The Cayman GT4 is back, and so is the Boxster Spyder. Get excited, folks. This time they’re called the 718 Cayman GT4 and 718 Spyder (not Boxster ) respectively, and the mid-engine Porsches are packing even more punch than before. We absolutely adored the Cayman GT4 and Boxster Spyder when we drove them a few short years ago, and this duo promises to be better yet.
The two mid-engine sports cars rank as the top performance picks in their respective lineups and remedy the biggest problem many enthusiasts had with the 718 Cayman and Boxster: the fact their turbocharged four-cylinder engines didn’t sound as good as the flat-six engine in each car’s predecessor.
Porsche says it’s a new engine, and it develops 414 horsepower and 309 pound-feet of torque on its way up to an 8,000 rpm redline. The new 4.0-liter is based-on the same family of turbocharged engines in the new 911, but Porsche has re-engineered it for a non-boosted application. Don’t mistake it for a de-tuned version of the 911 GT3 engine that makes 500 horsepower and 339 pound-feet of torque, though — that one revs out to a glorious 9,000 rpm. The engine in these cars uses Porsche’s adaptive cylinder control technology, so in low-load situations, it’s able to temporarily interrupt the injection process in one of the two cylinder banks. For now, it looks like a sizable upgrade over the 911 S-derived 3.8-liter flat-six that came in the previous generation of these cars.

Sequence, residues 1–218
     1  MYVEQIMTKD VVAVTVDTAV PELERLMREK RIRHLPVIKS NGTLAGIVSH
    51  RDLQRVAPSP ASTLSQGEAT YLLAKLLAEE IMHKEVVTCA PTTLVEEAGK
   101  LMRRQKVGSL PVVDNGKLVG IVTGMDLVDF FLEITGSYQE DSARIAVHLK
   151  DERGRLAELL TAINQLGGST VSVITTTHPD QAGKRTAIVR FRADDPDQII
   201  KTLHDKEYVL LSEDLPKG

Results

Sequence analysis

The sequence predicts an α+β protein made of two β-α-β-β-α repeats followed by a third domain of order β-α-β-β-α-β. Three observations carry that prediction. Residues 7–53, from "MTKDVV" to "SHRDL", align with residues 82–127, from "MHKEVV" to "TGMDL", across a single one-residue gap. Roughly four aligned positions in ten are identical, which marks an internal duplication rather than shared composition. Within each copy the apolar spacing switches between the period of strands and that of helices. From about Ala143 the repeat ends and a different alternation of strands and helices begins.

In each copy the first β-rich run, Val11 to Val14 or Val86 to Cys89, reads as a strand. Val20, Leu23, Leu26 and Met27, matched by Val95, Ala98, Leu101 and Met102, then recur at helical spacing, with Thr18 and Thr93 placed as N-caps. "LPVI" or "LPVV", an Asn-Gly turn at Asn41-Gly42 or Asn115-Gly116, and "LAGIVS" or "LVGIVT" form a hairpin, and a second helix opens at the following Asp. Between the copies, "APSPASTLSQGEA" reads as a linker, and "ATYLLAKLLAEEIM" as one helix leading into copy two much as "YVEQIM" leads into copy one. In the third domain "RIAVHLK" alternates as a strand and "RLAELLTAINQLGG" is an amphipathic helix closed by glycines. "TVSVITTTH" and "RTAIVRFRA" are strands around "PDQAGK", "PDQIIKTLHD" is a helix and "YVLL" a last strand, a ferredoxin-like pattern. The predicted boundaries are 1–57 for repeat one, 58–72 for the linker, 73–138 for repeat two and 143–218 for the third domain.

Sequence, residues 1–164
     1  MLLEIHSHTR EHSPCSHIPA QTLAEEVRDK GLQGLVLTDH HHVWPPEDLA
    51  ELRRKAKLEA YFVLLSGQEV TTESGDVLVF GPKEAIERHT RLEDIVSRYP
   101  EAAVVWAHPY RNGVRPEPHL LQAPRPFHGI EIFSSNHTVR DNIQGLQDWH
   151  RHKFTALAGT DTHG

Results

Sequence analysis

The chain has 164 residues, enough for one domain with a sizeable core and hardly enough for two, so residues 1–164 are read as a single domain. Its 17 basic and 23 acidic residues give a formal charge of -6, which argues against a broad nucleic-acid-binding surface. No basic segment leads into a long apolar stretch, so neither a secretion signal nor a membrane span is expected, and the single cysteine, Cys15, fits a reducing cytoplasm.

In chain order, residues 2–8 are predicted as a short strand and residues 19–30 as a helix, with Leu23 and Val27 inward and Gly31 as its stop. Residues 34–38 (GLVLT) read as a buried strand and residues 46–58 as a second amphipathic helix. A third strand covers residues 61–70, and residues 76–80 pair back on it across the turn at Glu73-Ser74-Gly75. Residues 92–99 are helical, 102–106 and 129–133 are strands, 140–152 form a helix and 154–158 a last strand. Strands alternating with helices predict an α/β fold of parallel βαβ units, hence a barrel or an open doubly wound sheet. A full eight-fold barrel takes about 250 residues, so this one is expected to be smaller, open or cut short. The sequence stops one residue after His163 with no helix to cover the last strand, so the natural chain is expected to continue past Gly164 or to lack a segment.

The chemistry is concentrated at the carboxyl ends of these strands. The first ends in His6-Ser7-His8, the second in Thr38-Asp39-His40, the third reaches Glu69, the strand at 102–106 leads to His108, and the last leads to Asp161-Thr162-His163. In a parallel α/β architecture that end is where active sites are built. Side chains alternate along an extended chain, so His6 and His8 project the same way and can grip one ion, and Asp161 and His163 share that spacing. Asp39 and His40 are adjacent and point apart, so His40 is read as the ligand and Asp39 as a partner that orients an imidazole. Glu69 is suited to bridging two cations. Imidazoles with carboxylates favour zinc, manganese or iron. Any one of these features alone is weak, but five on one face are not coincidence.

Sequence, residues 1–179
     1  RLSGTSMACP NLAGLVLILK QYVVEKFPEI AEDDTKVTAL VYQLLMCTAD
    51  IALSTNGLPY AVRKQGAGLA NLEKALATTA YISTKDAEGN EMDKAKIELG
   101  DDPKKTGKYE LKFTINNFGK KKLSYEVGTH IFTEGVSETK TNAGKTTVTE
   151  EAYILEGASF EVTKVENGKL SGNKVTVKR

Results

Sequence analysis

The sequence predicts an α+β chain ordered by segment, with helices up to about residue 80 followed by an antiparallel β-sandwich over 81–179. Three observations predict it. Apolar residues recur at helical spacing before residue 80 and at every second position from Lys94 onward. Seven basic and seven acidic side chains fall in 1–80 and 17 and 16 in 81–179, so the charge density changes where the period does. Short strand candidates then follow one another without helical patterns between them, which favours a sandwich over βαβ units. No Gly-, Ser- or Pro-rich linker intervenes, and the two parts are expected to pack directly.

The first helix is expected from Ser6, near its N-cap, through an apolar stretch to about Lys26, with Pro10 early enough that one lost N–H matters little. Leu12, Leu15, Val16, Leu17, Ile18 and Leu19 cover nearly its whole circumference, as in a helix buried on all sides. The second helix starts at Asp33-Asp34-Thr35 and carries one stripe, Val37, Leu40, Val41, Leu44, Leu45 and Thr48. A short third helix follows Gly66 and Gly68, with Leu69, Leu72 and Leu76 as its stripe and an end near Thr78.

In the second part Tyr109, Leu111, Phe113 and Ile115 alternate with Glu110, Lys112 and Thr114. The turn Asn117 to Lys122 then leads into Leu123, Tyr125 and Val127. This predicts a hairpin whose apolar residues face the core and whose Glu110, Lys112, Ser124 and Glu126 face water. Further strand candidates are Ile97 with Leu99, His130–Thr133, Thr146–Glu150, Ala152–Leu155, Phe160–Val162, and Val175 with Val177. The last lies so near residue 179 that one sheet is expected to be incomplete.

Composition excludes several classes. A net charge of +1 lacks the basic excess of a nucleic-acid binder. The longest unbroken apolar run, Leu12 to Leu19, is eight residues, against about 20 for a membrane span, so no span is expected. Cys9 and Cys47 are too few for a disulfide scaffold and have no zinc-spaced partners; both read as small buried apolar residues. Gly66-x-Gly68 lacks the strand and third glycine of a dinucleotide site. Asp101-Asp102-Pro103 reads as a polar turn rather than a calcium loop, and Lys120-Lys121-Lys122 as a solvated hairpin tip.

Aside from an improved exhaust note and 29 extra horsepower when compared to the previous Cayman GT4, the benefit to the new engine is that it allows the new range-topping 718 twins to rev all the way to 8,000 rpm. But in order to accomplish this, Porsche had to give the engine a new forged crankshaft and pistons, piezo fuel injectors, and an aluminum intake system.
Additional chassis refinements include standard Porsche Active Suspension Management (PASM), a ride height that’s 1.2 inches lower than the regular 718 Cayman, and manually adjustable settings for camber, toe, ride height, and anti-roll-bar stiffness. The GT4 can also be had with a Clubsport package that adds a rear steel roll bar, a fire extinguisher, and a six-point driver-side seatbelt.
The two cars differ in the aerodynamics department, with the Cayman GT4 producing 50% more downforce than its predecessor thanks to a single-chamber arch rear silencer that opens up space for a rear diffuser. A fixed rear wing, large front spoiler lip, and air curtains help complete the picture and help add a total of 52.8 pounds of downforce to the Cayman GT4 at 124 mph. The 718 Spyder, on the other hand, gets a manual top-folding mechanism to save weight over the Boxster’s automatic one and a rear spoiler that deploys at 74 mph, which combines with a functional diffuser to make the Spyder the first model in the Boxster family to generate aerodynamic downforce at the rear axle.